As you approach your 50s, you should be mindful of significant retirement milestones that are associated with your age. Below is our guide to the dates and associated rules you should plan for in retirement.
The one thing we find in common with most of our transitioning retiree clients is that they hate their job. I think it’s mostly burnout or retirementitis (similar to senioritis from high school). Most of the time it has to do with the fact that they have been working the same job for the past 20-plus years!
This dislike for their current position leads people to retire sometime in their early to mid-60s.
The problem with retiring that early is, when retired, most people will have a fixed income (meaning a paycheck you can count on) from one source, Social Security. Outside of a Social Security check, when retired, most people rely on their retirement accounts and savings to make ends meet.
Did you know that your home is probably your largest retirement asset?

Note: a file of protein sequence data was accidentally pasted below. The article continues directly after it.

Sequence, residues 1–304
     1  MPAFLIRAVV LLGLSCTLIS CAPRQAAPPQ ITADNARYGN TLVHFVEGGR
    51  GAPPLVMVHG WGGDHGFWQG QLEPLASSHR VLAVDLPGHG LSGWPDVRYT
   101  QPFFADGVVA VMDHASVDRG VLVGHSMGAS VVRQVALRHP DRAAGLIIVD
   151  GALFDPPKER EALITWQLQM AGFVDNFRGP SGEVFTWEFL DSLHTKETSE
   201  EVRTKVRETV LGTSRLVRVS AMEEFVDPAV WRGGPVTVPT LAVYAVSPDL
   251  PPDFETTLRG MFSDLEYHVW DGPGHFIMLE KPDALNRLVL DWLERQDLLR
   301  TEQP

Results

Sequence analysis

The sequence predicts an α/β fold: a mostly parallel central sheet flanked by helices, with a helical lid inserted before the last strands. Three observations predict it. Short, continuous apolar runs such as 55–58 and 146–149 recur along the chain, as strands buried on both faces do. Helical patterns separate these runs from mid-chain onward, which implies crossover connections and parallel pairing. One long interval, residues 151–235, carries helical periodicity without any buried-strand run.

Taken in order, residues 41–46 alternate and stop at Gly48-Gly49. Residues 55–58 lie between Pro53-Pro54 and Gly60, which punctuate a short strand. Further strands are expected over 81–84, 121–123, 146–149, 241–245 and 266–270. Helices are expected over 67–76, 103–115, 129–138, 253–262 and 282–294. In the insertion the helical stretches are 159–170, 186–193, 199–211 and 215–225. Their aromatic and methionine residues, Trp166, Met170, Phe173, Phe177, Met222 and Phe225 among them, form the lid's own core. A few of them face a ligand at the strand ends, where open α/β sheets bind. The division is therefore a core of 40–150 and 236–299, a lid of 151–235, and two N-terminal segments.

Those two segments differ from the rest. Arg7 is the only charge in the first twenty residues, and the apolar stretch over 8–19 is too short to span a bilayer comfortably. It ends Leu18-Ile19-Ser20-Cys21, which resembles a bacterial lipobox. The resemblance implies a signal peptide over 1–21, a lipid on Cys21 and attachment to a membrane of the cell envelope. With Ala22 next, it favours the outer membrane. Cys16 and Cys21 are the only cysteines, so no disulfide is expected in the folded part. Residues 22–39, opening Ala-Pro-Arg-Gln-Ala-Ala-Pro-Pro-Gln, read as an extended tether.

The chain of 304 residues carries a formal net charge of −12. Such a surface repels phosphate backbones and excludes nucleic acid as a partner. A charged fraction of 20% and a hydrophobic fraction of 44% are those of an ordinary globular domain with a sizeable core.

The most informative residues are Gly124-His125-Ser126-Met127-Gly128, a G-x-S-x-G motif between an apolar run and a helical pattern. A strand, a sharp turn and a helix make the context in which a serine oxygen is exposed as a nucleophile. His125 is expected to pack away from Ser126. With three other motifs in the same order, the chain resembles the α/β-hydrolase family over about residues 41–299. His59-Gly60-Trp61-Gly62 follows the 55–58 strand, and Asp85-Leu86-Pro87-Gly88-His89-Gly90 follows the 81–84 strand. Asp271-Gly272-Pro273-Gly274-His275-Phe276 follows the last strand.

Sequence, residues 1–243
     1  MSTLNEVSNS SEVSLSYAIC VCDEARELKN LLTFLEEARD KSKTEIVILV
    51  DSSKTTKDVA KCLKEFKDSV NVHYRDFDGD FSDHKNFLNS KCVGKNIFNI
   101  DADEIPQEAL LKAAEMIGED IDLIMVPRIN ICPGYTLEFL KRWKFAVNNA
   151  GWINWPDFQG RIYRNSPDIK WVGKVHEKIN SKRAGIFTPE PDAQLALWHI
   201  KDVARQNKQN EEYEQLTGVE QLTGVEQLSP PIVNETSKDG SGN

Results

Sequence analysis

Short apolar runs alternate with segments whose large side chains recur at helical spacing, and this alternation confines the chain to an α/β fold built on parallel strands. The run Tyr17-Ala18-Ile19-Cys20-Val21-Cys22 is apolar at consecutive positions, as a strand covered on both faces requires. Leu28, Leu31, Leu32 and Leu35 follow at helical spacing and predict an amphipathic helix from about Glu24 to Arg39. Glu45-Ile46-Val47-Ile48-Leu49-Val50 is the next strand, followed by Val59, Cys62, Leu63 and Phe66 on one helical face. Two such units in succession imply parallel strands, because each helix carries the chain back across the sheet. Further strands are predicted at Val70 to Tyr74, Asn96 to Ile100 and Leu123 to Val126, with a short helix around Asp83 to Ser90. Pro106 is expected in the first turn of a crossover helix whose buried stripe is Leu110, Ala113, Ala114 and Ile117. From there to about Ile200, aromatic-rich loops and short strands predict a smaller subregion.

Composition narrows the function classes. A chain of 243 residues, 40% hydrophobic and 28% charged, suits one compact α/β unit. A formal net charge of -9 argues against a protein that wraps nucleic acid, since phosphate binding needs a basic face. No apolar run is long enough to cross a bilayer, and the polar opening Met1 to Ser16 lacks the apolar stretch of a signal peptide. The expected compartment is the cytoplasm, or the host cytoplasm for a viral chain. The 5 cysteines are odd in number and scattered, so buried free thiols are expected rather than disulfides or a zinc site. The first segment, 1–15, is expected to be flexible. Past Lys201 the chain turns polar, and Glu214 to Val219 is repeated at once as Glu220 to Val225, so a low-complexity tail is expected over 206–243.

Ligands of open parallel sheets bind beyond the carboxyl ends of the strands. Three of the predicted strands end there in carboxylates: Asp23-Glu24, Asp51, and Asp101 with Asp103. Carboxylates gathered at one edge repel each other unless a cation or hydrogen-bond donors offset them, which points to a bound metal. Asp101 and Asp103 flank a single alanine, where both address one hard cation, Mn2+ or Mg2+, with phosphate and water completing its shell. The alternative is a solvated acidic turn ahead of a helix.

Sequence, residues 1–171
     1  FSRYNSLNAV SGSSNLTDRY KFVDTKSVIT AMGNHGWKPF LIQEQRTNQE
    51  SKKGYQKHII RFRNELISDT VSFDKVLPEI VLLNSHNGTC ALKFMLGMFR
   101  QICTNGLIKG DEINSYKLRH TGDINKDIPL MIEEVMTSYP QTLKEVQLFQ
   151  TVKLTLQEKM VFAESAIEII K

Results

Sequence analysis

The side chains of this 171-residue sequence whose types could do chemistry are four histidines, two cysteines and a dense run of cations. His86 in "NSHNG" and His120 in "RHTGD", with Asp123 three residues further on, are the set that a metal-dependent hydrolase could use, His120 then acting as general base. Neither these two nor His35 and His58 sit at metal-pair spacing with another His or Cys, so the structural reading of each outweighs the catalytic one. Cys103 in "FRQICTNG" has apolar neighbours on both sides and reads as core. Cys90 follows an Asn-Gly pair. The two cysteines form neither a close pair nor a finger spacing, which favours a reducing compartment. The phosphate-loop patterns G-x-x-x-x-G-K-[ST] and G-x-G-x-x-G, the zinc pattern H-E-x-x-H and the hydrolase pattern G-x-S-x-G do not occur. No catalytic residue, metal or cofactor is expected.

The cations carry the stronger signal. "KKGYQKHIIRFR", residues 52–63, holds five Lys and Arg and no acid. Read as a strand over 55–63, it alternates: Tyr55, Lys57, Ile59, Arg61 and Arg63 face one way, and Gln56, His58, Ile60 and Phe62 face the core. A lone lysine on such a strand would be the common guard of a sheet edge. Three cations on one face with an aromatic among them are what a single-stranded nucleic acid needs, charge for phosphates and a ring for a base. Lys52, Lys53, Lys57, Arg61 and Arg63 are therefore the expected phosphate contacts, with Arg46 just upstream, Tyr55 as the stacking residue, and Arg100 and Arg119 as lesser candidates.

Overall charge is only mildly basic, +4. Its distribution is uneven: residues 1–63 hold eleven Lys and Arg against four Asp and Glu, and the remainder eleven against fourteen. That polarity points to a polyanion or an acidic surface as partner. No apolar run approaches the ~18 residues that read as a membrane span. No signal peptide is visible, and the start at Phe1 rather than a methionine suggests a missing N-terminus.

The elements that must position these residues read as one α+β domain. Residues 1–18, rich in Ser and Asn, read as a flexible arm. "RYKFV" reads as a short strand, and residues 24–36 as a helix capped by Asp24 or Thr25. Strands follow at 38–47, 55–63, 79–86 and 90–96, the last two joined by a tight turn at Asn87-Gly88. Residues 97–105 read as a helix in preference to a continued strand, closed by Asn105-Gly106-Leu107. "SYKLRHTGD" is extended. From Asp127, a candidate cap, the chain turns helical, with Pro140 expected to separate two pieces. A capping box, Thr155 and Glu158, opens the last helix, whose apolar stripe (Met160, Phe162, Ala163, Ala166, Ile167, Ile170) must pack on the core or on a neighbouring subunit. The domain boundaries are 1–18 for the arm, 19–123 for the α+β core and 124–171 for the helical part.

If you have spent your working life as a homeowner in Southern California, you probably have built up significant equity in your home. As you approach your early 60s and you’re getting ready to retire, what should you do with your home?
Is it smart to stay put and leave your home to your kids? Does it make sense to downsize or move out of state? Finally, what if you don’t have significant retirement assets—is it wise to do a reserve mortgage?
I always get asked questions like “How should I invest my 401(k)?”
These questions have become the norm over the last five years, as most of my friends and family know that I’m a financial planner who helps people prepare for retirement.
I decided it would be best to detail the most critical ingredients in building a killer 401(k) portfolio.
As you approach your late 50s and early 60s, the reality sets in that in the next 10 years you will be retiring. You’re scared and nervous. But you know the clock is ticking, and it’s time to leap into retirement.
In the late ’90s and early ’00s, corporations changed the retirement landscape for everyday working Americans. Due to shifts in the economy and underfunded pension liabilities, corporations got rid of the pension plan. They shifted workers to a defined contribution system where the worker must save for their retirement. This massive change shifted the responsibility for retirement from the corporation to you, the individual.